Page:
“Every guardian should be responsible to explain what he’s done,” Apitz said.

Outagamie County Judge Michael Gage said the fallout from Schend’s case could have a positive effect beyond the county’s borders.

“A proper response to this can result in all of us being better prepared,” he said.

Schend case

The Outagamie County investigation into Schend began after county officials received complaints in late 2010 that clients’ bills weren’t being paid.

An attorney appointed by the county last year to review the accounts of some of Schend’s clients found tens of thousands of dollars in transactions weren’t properly documented.

One of Schend’s former employees told police Schend boasted about traveling first-class and took one or two expensive vacations each year. She said he owned a boat and a Mercedes-Benz that he later traded for a Cadillac.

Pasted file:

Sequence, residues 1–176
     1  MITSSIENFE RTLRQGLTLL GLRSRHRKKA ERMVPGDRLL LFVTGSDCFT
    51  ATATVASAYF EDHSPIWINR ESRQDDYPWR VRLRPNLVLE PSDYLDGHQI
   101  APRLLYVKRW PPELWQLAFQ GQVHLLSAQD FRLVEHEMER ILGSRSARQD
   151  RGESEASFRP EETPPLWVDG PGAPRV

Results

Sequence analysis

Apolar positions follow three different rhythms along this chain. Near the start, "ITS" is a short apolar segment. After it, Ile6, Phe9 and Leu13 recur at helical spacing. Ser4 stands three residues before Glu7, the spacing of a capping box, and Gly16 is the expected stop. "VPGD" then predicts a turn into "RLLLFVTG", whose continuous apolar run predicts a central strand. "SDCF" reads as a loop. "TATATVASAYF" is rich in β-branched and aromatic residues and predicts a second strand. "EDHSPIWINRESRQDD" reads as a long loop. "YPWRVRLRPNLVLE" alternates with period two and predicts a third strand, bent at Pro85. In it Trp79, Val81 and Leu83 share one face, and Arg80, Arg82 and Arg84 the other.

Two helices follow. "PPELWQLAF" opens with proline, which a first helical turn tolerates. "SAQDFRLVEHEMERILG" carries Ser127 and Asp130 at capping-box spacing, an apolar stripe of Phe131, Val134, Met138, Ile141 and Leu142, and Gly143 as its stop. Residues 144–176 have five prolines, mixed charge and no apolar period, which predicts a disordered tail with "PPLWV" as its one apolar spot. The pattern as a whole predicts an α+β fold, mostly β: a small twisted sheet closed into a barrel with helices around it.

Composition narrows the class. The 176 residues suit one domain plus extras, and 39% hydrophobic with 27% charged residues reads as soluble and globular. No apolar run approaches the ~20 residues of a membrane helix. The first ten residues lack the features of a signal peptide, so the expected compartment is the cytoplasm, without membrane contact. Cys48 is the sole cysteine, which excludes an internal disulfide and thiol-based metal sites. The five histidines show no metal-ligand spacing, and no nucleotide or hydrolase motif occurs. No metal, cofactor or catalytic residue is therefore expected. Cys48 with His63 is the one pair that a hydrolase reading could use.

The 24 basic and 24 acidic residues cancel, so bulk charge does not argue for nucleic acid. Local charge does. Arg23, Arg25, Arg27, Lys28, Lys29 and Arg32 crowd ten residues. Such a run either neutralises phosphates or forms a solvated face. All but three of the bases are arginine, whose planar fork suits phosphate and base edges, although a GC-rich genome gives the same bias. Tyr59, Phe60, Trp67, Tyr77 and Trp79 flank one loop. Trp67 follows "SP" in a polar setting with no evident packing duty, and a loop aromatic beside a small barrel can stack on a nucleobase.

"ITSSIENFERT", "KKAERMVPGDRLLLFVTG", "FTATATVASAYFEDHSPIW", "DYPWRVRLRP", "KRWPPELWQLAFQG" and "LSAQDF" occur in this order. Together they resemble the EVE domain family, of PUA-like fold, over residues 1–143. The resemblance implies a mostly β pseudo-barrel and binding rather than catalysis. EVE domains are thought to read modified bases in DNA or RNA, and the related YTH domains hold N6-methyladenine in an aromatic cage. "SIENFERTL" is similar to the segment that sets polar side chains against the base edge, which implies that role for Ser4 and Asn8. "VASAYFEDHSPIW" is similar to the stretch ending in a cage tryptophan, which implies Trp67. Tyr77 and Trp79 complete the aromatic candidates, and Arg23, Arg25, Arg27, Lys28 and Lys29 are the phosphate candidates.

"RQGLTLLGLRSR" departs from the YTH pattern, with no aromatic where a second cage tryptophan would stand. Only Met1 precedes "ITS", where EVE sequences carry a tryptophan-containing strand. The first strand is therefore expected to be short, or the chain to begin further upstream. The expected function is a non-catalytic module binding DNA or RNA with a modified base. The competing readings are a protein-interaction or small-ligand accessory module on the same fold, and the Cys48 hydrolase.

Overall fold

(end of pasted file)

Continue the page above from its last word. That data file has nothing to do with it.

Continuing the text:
Another former employee said Schend gambled often, bought watches and clothes frequently and had his home remodeled. At the end of 2010, the employee said, she started taking calls from people complaining his business was not paying its bills.

Investigators say Schend, who oversaw the finances of 48 people in Outagamie County through his business, JMS Guardianship Services, is unable to account for about $500,000 in transactions from clients’ accounts.

One client’s bank records show he received $9,000 in distributions from a trust fund during Schend’s tenure as guardian. His annual report to the county reflected just $5,000 of it.